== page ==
Telegraph Road (Northwestern Arkansas)
Telegraph Road in northwestern Arkansas was an important transportation thoroughfare of the nineteenth century, linking St. Louis, Missouri, with Fort Smith (Sebastian County). The road brought settlers, supplies, communication, and commerce to northwestern Arkansas.
Telegraph Road was initially built by the U.S. Army in 1828, thus starting its existence as a military road; it did not get the name Telegraph Road until a telegraph wire was strung along its path in 1860. The first travelers on the road were with the army, which moved supplies and mail between Springfield, Missouri, and the garrison at Fort Smith. Beginning in 1838, thousands of Native Americans traveled along the road in their forced removal from their ancestral homelands, during the Trail of Tears. Thousands of Native Americans camped in open fields north of the present-day visitors’ center at Pea Ridge National Military Park in their journey to Indian Territory. By the middle of the 1840s, the frontier had moved west. As a result, the army moved its men and operations out of the region.
Once California became a state in 1850, Congress wanted mail service that could get there in less than a month. John Butterfield’s contract of 1858 promised mail delivery from St. Louis to San Francisco, California, in less than a month. Butterfield’s route was to follow a southern, snow-free journey from Arkansas (along Telegraph Road) through Texas, into New Mexico, and then on to Yuma, Arizona. His journey, which concluded at San Francisco, spanned approximately 2,812 miles and 140 stations. The outbreak of the Civil War brought an end to the Butterfield stage’s twice-monthly runs.
In 1860, the first telegraph wire passed through the Ozark Mountains and was strung from Springfield to Fort Smith. The introduction of the telegraph brought the most enduring of names for the road—Telegraph Road and Wire Road—although telegraph communications ended less than a year after the wire went up, once Arkansas left the Union. The road has been called by many different names over the years such as the Military Road, Old Missouri Road, and Stage Road.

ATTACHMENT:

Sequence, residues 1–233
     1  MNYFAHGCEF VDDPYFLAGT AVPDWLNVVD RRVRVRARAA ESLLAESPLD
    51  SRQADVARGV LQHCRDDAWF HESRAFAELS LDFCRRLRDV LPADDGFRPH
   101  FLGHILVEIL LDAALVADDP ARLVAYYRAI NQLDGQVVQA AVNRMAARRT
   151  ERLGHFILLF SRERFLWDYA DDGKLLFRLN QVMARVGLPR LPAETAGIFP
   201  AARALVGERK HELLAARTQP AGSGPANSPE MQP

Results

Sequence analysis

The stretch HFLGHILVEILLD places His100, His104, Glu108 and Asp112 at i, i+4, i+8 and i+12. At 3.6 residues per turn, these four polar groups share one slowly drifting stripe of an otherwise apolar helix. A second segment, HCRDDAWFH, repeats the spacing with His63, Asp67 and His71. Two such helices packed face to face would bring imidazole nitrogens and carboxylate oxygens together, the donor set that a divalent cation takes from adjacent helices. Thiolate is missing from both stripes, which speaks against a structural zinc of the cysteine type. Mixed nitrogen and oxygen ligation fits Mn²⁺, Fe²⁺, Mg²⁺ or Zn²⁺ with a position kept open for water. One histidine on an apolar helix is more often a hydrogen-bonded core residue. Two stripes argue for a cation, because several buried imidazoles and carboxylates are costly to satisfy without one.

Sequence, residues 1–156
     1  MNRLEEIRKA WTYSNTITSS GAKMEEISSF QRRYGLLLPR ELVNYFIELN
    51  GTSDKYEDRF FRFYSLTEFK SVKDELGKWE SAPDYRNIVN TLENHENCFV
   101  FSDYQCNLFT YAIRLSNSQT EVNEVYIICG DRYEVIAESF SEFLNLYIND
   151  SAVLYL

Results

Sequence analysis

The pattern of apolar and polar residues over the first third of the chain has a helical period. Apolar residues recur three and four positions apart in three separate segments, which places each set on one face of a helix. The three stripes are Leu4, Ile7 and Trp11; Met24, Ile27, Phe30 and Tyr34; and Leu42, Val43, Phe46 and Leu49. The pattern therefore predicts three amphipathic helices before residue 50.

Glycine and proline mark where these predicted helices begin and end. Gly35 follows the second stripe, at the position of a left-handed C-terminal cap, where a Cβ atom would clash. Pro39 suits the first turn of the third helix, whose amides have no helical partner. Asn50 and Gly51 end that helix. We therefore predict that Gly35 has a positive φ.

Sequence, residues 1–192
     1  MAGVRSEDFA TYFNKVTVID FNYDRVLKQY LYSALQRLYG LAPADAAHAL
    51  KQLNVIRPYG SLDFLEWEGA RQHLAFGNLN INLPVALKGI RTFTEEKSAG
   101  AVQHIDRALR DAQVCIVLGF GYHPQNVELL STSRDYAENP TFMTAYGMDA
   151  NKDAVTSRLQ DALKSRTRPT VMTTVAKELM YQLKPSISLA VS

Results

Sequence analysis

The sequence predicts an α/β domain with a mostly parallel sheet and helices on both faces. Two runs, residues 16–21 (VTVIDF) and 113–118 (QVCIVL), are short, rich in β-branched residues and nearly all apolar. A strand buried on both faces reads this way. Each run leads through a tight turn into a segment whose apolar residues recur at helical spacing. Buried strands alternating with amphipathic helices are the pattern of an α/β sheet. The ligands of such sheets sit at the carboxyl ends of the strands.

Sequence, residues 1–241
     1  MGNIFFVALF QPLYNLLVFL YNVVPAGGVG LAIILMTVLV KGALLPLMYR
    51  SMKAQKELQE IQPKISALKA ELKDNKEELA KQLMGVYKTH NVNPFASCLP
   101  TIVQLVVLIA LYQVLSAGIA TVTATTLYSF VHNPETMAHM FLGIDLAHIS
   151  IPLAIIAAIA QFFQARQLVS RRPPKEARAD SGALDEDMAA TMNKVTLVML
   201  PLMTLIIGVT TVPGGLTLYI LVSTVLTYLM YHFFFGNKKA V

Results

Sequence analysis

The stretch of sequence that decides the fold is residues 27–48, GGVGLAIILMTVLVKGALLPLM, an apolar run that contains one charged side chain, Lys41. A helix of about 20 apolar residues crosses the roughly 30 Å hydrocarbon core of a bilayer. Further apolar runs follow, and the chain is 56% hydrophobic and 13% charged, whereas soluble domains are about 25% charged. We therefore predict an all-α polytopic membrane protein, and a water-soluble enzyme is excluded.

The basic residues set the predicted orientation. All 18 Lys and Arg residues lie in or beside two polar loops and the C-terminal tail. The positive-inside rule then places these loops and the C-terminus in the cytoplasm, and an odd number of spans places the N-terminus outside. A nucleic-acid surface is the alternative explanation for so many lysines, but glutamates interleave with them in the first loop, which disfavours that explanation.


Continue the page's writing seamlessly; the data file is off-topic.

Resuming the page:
Telegraph Road brought two armies through northwestern Arkansas during the Civil War. The Union Army of the Southwest under the command of Samuel Ryan Curtis came to northwestern Arkansas in February 1862. Curtis and his army chased Confederate general Sterling Price down the road during his retreat to the Boston Mountains. The Confederate Army of the West, under the command of General Earl Van Dorn, sped into northwestern Arkansas as they marched sixty miles in three days. Van Dorn changed his plans of attacking Curtis in a frontal assault, as he was entrenched on the northern bluffs of Little Sugar Creek. Van Dorn decided to use another road, the Bentonville Detour from the south-southwest to the north-northeast, where it came to the confluence of Telegraph Road. Van Dorn then used Telegraph Road to come upon the flanks and rear of the Army of the Southwest at Little Sugar Creek. The Battle of Pea Ridge on March 7–8, 1862, was fought astride Telegraph Road.
Telegraph Road was used throughout the war and beyond. Remnants of the road still exist in the twenty-first century in southwestern Missouri and northwestern Arkansas. Some of these remnants run throughout Wilson’s Creek National Battlefield Park and Pea Ridge National Military Park. Two sections of the Telegraph Road are listed in the National Register of Historic Places. The Springfield to Fayetteville Road, Cross Hollow Segment near Lowell (Benton County) was listed on January 19, 2005, and the Springfield to Fayetteville Road, Elkhorn Tavern Segment near Garfield (Benton County) was listed on May 26, 2005. Additionally, the Springfield to Fayetteville Road, Brightwater Segment near Brightwater (Benton County) was listed in the Arkansas Register of Historic Places on August 5, 2009.
For additional information:
Christ, Mark K., ed. Rugged and Sublime: The Civil War in Arkansas. Fayetteville: University of Arkansas Press, 1994.
DeBlack, Thomas A. With Fire and Sword, Arkansas, 1861–1874. Fayetteville: University of Arkansas Press, 2003.
Hess, Earl J., Richard W. Hatcher III, William Garrett, and William Shea. Wilson’s Creek, Pea Ridge, and Prairie Grove: A Battlefield Guide with a Section on the Wire Road. Lincoln: University of Nebraska Press, 2006.
Schultz, Robert G. The March to the River: From the Battle of Pea Ridge to Helena, Spring, 1862. Iowa City, IA: Camp Pope, 2014.
Shea, William, and Earl J. Hess. Pea Ridge: The Civil War Campaign in the West. Chapel Hill: University of North Carolina Press, 1994.
“Springfield to Fayetteville Road, Brightwater Segment.” Arkansas Register of Historic Places registration form. On file at Arkansas Historic Preservation Program, Little Rock, Arkansas. Online at http://www.arkansaspreservation.com/arkansas-register-listings/springfield-to-fayetteville-road-brightwater-segment (accessed October 1, 2020).
“Springfield to Fayetteville Road, Cross Hollow Segment.” National Register of Historic Places registration form. On file at Arkansas Historic Preservation Program, Little Rock, Arkansas. Online at http://www.arkansaspreservation.com/National-Register-Listings/PDF/BE3596.nr.pdf (accessed October 1, 2020).
“Springfield to Fayetteville Road, Elkhorn Tavern Segment.” National Register of Historic Places registration form. On file at Arkansas Historic Preservation Program, Little Rock, Arkansas. Online at http://www.arkansaspreservation.com/National-Register-Listings/PDF/BE3590.nr.pdf (accessed October 1, 2020).
Wood, Larry E. The Civil War on the Lower Kansas–Missouri Border. Joplin, MO: Hickory Press, 2003.
Kerry King Jones
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